Generate a self-signed certificate for IIS with a custom common name

Using the IIS Manager you can generate self-signed certificates for HTTPS bindings. The certificates generated by the IIS Manager have the limitation that the common name (CN) of the certificate is always the computer name.

If you wish to set an own common name for the certificate, you can use following command in PowerShell (open as administrator) to generate a new self-signed certificate.

New-SelfSignedCertificate -DnsName "my.customdomain.com" -FriendlyName "MyServiceName" -NotAfter (Get-Date).AddYears(10)

Challenge authentication using a custom middleware.

Sometimes you write an ASP.NET Core application without using MVC. For example an microservice or an application serving static files.

Anyhow you might want to secure your application using authentication. I was facing the problem, how I could challenge authentication when I’m not using MVC.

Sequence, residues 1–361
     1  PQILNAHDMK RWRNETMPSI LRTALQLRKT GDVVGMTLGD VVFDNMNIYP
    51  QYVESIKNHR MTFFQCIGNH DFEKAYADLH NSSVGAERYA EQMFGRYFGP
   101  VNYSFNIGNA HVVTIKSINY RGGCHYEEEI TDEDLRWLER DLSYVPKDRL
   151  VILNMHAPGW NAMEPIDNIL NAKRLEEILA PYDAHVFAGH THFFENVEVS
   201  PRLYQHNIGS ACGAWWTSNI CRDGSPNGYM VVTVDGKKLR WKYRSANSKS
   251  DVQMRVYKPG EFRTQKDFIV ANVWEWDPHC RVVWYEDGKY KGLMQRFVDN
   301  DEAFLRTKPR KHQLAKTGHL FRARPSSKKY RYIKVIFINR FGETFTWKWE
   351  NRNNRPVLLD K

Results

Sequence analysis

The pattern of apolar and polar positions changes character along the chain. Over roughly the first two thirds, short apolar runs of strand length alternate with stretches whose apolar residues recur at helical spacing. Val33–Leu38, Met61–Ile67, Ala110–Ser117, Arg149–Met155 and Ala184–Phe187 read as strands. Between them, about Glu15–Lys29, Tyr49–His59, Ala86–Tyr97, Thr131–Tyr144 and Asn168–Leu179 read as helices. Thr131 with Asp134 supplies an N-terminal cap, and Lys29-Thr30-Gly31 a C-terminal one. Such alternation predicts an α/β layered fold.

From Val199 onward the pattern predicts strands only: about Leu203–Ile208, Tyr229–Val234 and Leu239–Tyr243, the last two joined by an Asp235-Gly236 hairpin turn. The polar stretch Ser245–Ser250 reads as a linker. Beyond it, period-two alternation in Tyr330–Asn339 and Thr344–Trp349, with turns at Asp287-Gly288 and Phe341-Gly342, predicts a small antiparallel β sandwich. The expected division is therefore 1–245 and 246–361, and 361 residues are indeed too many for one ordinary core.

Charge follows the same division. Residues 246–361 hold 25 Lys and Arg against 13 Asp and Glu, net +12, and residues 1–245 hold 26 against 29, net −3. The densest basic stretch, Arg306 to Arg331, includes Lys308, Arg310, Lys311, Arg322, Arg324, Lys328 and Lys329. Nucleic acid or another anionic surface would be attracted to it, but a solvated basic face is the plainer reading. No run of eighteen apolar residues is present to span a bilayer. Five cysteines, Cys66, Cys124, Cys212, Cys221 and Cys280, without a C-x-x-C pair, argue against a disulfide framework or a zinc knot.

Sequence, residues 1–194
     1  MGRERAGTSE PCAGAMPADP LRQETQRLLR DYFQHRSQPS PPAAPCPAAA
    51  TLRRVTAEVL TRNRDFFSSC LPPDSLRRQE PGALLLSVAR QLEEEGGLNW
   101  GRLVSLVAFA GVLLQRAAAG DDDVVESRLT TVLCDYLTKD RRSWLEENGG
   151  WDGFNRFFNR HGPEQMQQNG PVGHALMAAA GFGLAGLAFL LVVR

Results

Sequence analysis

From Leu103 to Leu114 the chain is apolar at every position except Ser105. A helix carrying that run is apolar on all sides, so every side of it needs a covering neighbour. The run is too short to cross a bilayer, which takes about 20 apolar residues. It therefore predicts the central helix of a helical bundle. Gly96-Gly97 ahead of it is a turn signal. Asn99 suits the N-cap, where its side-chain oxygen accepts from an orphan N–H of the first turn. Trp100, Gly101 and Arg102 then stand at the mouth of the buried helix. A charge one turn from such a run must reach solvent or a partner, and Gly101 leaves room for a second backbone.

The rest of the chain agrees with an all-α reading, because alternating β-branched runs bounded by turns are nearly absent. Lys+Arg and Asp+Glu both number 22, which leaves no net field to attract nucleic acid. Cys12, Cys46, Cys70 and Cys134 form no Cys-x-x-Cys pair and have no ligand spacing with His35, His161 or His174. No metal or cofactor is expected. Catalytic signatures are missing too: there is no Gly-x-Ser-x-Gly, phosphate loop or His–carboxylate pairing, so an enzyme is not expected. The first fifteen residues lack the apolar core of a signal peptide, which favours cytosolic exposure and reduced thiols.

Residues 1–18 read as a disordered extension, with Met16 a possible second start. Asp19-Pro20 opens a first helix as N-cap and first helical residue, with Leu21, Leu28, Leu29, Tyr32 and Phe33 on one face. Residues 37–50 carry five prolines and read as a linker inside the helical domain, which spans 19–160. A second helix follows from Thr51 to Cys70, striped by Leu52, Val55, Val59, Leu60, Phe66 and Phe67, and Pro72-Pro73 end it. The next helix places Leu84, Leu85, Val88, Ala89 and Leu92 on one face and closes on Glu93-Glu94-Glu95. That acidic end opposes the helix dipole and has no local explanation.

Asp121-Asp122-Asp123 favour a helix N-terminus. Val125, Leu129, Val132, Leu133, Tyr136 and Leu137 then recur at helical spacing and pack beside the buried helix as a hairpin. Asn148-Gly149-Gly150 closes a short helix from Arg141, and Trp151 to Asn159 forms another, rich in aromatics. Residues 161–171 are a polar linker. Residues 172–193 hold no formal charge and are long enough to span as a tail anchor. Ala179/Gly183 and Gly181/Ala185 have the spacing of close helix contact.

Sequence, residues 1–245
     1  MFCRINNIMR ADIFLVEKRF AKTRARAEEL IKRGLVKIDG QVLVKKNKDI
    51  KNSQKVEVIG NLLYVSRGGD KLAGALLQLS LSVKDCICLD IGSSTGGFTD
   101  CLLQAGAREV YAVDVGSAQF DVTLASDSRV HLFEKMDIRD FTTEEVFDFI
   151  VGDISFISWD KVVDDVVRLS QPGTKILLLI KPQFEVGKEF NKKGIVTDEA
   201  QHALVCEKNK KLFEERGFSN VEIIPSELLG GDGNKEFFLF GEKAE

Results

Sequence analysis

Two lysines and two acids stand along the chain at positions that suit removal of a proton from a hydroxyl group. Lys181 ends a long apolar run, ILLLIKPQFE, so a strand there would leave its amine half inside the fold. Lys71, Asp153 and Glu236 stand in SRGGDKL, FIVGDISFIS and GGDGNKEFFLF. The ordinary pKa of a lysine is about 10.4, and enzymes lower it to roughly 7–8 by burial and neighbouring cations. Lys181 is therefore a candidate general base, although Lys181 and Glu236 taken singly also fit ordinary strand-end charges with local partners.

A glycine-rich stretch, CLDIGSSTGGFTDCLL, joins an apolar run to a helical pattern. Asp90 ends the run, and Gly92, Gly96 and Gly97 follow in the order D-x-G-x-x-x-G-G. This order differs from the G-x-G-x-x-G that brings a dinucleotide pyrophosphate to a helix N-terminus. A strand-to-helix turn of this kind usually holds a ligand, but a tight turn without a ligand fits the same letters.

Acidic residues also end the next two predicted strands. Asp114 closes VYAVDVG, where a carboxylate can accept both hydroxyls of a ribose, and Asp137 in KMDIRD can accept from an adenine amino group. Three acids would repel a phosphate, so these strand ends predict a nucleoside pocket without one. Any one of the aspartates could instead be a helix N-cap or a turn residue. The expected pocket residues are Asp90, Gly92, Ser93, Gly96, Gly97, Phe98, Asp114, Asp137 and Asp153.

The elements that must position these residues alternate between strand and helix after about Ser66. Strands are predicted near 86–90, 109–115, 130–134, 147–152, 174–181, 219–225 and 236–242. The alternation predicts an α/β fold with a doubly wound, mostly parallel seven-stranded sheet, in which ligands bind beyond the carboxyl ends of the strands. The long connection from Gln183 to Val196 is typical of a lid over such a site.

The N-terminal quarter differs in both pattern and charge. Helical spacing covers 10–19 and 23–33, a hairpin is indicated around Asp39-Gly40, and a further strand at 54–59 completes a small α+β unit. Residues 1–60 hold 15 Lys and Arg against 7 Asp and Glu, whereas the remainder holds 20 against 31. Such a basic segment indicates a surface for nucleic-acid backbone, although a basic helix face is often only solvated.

The solution is writing a custom middleware that challenges authentication.

Modify the window URL without reloading the page

Today I found an easy┬ásolution for the problem that if you’re changing the URL of the current window with JavaScript in the traditonal way, unfortenately the whole page will be reloaded.

window.location = "http://peter-doering.com/mynewurl"

You may want to update the URL after you’ve updated parts of the page with an Ajax call. This would enable the users to share the current page as link or to add an bookmark.

HTML5 introduced a new API for manipulating the browsers history. You can use the pushState()-method to change the current page url without page reload.

history.pushState(null, null, "http://peter-doering.com/mynewurl")
history.pushState(null, null, "http://peter-doering.com?id=1234")